Naming is vital. Get it right, and your product is on everyone’s lips; on the other hand, failing to check what your wonderful name means in other languages can be disastrous. Take the car company Vauxhall, for example. They named a car ‘Nova’; that’s great in English but, in a number of European languages, No va means ‘it doesn’t go’ – hardly the basis for a good marketing strategy!
In wine, too, names have been used to good effect: to my mind, one of the best is the South African producer who mocked Côtes du Rhône and Côtes du Rhône-Villages perfectly with Goats do Roam and Goats do Roam in Villages, although I also like the style of an American grower, annoyed that he wasn’t allowed to use the name ‘port’ for his fortified port-style wine, called it Starboard!
And then there are the attempts to attract buyers with particular interests: some friends of ours, knowing that I love cricket, shared a bottle called ‘Men in White Coats’ with us recently.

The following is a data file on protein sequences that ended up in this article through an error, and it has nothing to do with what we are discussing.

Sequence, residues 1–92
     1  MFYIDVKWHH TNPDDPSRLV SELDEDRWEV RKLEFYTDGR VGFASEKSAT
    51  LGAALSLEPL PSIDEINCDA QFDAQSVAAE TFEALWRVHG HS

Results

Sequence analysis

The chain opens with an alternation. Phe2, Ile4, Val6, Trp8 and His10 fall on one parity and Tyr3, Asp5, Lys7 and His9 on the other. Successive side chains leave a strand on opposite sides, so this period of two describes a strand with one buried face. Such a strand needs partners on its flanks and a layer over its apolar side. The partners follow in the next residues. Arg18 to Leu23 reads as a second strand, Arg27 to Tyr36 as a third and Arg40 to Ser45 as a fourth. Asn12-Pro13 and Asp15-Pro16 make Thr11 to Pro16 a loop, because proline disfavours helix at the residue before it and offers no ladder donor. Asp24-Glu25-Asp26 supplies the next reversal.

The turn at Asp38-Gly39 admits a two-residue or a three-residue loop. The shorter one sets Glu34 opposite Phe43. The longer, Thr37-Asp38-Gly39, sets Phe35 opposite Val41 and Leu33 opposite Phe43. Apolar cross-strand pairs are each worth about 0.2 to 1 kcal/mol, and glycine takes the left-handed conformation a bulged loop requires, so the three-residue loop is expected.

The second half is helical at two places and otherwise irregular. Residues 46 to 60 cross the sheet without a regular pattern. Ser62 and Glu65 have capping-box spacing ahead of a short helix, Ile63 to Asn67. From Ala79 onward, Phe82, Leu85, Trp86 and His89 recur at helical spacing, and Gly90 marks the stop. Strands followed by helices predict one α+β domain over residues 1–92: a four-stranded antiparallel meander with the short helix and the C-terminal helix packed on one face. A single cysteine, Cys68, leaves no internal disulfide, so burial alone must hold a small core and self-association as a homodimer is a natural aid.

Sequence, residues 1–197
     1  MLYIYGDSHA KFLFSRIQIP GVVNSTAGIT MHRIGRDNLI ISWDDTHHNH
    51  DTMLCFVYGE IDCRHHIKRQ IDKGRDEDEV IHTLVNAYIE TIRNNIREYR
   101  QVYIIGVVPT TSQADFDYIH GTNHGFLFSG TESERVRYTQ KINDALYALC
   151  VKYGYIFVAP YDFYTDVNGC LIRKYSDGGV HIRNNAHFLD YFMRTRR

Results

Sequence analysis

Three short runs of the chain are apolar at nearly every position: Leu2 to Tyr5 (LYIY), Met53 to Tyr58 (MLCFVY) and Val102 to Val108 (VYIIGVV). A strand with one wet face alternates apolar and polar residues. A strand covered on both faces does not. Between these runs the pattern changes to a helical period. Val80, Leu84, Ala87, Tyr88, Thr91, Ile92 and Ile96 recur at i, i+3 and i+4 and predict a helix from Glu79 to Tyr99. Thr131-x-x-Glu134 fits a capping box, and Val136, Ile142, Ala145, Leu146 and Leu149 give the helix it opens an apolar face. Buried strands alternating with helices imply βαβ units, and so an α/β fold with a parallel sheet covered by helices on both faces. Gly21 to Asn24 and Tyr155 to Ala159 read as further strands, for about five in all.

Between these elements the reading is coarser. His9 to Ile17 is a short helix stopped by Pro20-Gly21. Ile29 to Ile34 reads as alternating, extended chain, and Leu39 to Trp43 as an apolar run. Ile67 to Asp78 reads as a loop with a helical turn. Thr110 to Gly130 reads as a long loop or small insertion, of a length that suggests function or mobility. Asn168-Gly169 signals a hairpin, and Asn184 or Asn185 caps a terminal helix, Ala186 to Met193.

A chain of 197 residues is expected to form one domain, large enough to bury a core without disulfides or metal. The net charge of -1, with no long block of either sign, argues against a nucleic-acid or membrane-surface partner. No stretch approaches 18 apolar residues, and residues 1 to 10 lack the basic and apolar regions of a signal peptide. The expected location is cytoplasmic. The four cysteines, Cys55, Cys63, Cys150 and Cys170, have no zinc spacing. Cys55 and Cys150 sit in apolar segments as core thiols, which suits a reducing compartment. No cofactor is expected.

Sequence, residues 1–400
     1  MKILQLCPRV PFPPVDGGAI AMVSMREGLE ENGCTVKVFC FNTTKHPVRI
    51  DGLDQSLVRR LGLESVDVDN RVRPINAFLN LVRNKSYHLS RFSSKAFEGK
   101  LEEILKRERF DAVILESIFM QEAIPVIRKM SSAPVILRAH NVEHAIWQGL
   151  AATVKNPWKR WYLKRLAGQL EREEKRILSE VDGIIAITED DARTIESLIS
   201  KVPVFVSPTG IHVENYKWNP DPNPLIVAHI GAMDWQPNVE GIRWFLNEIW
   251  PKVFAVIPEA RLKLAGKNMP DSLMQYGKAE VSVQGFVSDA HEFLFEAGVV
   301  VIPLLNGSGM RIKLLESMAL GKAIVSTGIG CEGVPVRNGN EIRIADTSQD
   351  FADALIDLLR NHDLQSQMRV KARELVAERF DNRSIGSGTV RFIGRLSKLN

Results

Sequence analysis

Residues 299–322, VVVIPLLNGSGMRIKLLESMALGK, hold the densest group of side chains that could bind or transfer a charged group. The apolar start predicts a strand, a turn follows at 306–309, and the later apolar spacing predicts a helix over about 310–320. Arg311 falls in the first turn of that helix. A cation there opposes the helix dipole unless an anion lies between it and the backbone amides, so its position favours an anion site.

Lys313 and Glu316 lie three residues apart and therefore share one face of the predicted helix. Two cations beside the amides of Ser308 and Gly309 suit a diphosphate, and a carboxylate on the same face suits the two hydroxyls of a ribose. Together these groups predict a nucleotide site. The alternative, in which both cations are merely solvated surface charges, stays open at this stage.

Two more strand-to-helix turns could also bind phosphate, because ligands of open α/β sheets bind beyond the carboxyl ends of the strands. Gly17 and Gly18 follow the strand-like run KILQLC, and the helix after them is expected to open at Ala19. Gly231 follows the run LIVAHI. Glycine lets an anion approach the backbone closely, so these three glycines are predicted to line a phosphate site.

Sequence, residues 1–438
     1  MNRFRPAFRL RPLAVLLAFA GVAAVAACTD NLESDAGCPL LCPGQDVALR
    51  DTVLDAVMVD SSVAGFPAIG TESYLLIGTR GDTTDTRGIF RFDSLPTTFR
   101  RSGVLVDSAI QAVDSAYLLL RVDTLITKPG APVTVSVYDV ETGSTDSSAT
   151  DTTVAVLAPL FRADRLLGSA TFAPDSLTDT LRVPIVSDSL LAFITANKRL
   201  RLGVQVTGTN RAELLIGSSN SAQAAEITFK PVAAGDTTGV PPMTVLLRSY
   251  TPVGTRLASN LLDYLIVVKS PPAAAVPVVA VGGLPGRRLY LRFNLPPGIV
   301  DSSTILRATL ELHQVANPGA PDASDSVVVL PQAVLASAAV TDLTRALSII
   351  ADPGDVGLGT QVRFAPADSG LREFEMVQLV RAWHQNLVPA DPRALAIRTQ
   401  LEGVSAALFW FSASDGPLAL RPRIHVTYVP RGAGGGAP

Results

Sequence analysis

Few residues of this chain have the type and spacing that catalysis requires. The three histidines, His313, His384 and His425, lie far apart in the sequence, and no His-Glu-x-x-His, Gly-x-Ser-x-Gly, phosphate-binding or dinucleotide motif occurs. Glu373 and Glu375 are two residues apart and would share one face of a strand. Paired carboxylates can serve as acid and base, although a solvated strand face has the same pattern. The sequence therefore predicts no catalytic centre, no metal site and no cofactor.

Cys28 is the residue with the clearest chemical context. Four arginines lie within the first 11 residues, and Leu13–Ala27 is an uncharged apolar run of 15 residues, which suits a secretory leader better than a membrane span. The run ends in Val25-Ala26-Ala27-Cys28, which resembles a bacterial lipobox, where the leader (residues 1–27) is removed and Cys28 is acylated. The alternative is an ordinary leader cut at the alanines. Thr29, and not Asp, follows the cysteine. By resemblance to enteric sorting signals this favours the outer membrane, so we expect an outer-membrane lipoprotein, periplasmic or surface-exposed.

(For non cricket-lovers among you, I should explain that cricket umpires traditionally wear white coats and the raised finger gesture on the label is the umpire’s signal that the batsman is out and his innings is over). The wine itself – a clean, crisp, easy-drinking Viognier from South Africa – was, however, less of a talking point during the evening than the name, which, to all of us, had another, less flattering, meaning.
Back in our youth, when someone was behaving strangely, it was often said that the men in white coats would soon be coming to get that person – the men in question being the nursing staff at a local facility for the mentally ill.
So, did our friends’ bottle really refer to the cricket or were they thinking of the current state of the country here in England?